But I know it will. I know it will all work itself out… I bought crayons, markers, colored pencils, nametags, posters, a calendar, borders, and office supplies. And the wonder folks at Staples are having WONDERFUL sales for Back to School, including free supplies with an increased limited quantity for teachers. I was able to get 25 bottles of glue, 25 plastic rulers, and 25 packs of pencils (200 altogether) – all for FREE. I’m not being paid to say this, and I’m not one for brand loyalty, but Staples is saving my ass right now.

Tomorrow I’m going in to school early. Really early. I have to – I won’t be able to calm down until my room looks like a third grade classroom and not a cavernous storage space.

You know what, though? I’m so excited that it actually overshadows the stress. Here’s to a great year!

Here it goes!

Well, I start new teacher orientation on Wednesday. I’ll be teaching 3rd grade and I’m very excited about this. I cannot wait to get into my classroom and get it all set up, though the whole process is a bit intimidating!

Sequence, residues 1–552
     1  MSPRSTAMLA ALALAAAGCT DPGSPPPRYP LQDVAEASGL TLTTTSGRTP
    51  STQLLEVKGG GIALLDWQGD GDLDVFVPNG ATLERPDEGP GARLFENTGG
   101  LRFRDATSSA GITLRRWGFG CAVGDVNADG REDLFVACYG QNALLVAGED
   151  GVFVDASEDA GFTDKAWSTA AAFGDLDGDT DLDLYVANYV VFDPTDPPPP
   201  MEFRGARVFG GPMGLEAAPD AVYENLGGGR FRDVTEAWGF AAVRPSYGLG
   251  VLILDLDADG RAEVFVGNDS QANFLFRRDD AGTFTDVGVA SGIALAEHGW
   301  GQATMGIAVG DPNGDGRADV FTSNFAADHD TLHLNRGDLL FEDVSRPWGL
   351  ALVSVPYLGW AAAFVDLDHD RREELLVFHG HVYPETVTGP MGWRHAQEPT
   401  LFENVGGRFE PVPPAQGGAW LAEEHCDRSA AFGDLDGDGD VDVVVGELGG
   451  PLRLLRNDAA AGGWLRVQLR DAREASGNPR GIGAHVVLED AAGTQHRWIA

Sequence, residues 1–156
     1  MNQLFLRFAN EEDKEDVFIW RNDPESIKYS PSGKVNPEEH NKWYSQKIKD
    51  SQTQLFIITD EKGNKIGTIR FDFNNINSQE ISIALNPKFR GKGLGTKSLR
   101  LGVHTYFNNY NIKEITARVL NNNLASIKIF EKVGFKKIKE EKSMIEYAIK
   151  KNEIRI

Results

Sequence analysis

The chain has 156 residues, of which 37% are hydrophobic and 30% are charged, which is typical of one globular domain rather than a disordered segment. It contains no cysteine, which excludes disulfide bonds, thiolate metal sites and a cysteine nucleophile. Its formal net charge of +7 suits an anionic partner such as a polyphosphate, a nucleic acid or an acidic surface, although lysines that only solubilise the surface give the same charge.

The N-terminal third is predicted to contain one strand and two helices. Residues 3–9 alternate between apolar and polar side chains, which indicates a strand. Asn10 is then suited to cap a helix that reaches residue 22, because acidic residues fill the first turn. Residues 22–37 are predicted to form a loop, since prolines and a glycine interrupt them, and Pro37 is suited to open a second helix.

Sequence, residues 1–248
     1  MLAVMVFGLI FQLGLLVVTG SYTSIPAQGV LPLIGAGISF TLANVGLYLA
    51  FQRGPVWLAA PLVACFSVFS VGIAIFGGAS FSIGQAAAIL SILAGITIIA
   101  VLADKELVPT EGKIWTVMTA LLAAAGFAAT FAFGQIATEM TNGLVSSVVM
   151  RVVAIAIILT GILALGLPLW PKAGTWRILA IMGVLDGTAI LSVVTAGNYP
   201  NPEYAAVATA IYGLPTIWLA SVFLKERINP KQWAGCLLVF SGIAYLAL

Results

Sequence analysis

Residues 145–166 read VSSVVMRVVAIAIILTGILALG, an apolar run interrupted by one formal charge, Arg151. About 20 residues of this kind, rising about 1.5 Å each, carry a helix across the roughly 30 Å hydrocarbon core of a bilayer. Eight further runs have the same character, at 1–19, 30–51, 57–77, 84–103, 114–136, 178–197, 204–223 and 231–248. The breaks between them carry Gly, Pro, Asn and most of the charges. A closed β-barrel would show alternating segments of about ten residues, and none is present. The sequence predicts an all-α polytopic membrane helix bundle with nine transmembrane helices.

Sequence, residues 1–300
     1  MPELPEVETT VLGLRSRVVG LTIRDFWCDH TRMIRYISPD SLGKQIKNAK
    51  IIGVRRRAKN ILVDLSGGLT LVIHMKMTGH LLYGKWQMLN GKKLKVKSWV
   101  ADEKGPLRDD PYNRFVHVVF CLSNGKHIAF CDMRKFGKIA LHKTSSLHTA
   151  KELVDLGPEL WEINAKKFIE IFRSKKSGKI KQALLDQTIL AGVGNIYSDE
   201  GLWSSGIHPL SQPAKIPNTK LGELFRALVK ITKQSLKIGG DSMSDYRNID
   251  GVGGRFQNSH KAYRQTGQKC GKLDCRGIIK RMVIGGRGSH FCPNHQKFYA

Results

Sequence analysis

So much to do, so little time!

“Teaching first graders to cough”

The title of this post is also its inspiration. It’s a search string that brought somebody here, and I was actually disappointed when I realized that my site probably didn’t help them at all.

I have first graders. They cough. I try to teach them how to do it without expelling their ick all over me. I should share.

First of all – NEVER HAVE THEM COVER THEIR MOUTH WITH THEIR HANDS! They’ll just use their hands to spread that nastiness all over the place. Yes, some schools can still give their kids hand sanitizer (thank goodness!), but still… will they use it? Really? In the middle of the hallway, 5 minutes away from the classroom? Exactly.

I always tell my students to cough into their elbow. I guess it’s technically the crook of their arm, but they understand what you mean when you say “into your elbow.” Most of the time, during cold and flu season, their arms are covered in clothes, anyway, so they shouldn’t bitch too much about coughing on themselves. Also, I’m not afraid to tell them “I’d rather you cough on you than on me!”

I got the plague pretty bad, this year. I was sick (like, nasty sick) for over three weeks. Hooray, sinus infection! I don’t want to get sick again, this semester. However, I’ve had a really sore throat for two or so weeks, now… I thought it was getting better, but it seems to be just as bad as ever. I’m thinking I might have some form of strep where only the throat is sore. I’m hoping to get tested this week, and probably go back on antibiotics (joy), but it really is annoyingly painful. Like “I don’t want to swallow” painful. Talking doesn’t hurt really badly, just swallowing and singing. But I can still do both.